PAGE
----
Experts point to the problem that Russia has only been able to build small plants so far, but larger plants are needed to expand LNG production. These have so far been built with the help of foreign companies, which have ceased operations in the country as a result of Russian military intervention in Ukraine and Western sanctions. Therefore, the corresponding technologies and specialists are said to be missing to ensure production in the future.

In addition, Russia currently does not have a sufficient number of LNG tankers and therefore not yet sufficient transport capacity to increase exports. The construction of such ships in Russia is problematic because of the sanctions, because the know-how of foreign producers is now lacking and their own technology is not yet mature.

Substitute for western technology

A key aspect for the implementation of the Russian plans is the process or technology of gas liquefaction, which is both technologically complex and expensive. Because the gas is converted from its original state into a liquid form at temperatures of minus 160 degrees Celsius in order to reduce its volume by around 600 times. This makes it possible to store very large quantities of this liquefied energy carrier and transport it worldwide by LNG tanker.

Russia, which until now has actually concentrated almost exclusively on the expansion of its pipeline network and not on LNG production, has always relied on the technology or equipment of the mostly Western companies for liquefaction, which ended their cooperation with the Russians due to the sanctions. So if the Russian LNG industry wants to remain competitive and strong in growth, it needs to secure its own technology and equipment, preferably as soon as possible.

Seymour Hersh on Nord Stream: "Scholz played the game – and has been tight ever since"

Seymour Hersh on Nord Stream: “Scholz played the game – and has been tight ever since”

Experts are already pointing out that the development of domestic technology for LNG production is one of the top priorities of the Russian government’s work. While there is said to be no certified replacement for Western technology yet, the Russians are still working desperately to solve this problem.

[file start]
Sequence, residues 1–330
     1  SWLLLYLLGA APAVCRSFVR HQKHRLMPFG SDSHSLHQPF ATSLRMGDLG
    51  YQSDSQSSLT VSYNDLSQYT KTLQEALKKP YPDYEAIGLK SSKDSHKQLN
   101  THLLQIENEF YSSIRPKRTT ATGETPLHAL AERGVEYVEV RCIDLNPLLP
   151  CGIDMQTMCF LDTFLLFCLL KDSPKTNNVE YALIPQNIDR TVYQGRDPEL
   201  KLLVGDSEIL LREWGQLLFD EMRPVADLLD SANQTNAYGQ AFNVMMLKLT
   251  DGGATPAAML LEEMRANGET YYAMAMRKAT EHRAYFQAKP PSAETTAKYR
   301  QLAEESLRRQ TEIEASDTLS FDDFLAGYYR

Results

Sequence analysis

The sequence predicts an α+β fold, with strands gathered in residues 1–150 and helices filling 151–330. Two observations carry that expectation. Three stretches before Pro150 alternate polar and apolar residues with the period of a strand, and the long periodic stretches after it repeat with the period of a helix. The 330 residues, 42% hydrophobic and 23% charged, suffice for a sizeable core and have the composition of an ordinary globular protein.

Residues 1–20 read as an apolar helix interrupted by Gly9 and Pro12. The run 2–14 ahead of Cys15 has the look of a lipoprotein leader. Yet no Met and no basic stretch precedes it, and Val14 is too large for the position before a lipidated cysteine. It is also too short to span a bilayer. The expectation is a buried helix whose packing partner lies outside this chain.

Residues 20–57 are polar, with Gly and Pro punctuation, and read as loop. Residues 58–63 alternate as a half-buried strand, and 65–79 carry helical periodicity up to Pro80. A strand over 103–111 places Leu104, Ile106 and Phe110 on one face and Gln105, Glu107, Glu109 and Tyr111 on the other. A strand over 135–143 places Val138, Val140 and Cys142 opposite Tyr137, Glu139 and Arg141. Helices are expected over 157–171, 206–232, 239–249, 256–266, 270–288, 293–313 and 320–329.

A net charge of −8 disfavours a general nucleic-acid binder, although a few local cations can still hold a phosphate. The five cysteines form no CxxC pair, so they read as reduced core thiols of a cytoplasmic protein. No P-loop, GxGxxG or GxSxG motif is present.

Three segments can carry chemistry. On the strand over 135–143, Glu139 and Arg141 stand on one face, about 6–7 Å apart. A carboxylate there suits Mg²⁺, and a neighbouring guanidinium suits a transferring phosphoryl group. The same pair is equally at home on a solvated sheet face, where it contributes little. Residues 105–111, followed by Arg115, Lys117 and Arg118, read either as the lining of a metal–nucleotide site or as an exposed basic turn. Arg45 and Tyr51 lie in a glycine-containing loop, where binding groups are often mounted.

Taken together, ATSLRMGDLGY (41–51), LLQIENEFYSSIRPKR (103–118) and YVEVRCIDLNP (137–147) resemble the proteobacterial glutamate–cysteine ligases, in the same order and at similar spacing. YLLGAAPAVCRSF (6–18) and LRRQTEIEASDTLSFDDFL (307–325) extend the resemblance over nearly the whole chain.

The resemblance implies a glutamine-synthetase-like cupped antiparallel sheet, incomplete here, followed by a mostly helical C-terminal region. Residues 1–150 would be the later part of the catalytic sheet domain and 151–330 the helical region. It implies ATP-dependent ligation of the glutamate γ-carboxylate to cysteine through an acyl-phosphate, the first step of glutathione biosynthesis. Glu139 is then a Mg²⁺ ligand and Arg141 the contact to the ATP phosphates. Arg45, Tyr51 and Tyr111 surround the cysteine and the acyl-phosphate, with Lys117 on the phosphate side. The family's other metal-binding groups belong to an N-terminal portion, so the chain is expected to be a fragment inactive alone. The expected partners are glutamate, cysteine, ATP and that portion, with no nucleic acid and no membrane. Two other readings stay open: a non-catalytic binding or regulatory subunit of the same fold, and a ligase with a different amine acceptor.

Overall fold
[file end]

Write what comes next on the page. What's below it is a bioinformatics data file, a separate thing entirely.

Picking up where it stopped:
Like the newspaper The Japan Times writes about this, the Russian energy company Novatek has a technology for liquefying gas with the so-called “Arctic Cascade Method”, which is basically already being used in a liquefaction plant in Russia’s largest LNG plant on the Yamal Peninsula in the north of the country. In a recent report by the company, this system is said to have been confirmed in terms of its reliability and high energy efficiency, but Novatek allegedly encountered problems after the system was commissioned in 2021.

In addition, Novatek owns a promising mega-project for the production of liquefied gas in northern Russia, “Project Arctic LNG 2”, which is still under construction Japan Times also relies on Arctic Cascade technology. However, the true potential of this technology can only be recognized when full production is ramped up and all plants remain in operation long enough to demonstrate the reliable functioning of the new technology and thus its effectiveness.

The start-up of the first liquefaction plant is scheduled for the end of 2023 and the work for this should be almost complete. The other two are scheduled to go into operation in 2024 and 2026, respectively. However, there could be problems with the full commissioning of the plant, the newspaper said, after three Western companies went out of business and were replaced by Russian firms.

more on the subject – Planned closure of the Druzhba pipeline: Hungary demands explanation from the EU Commission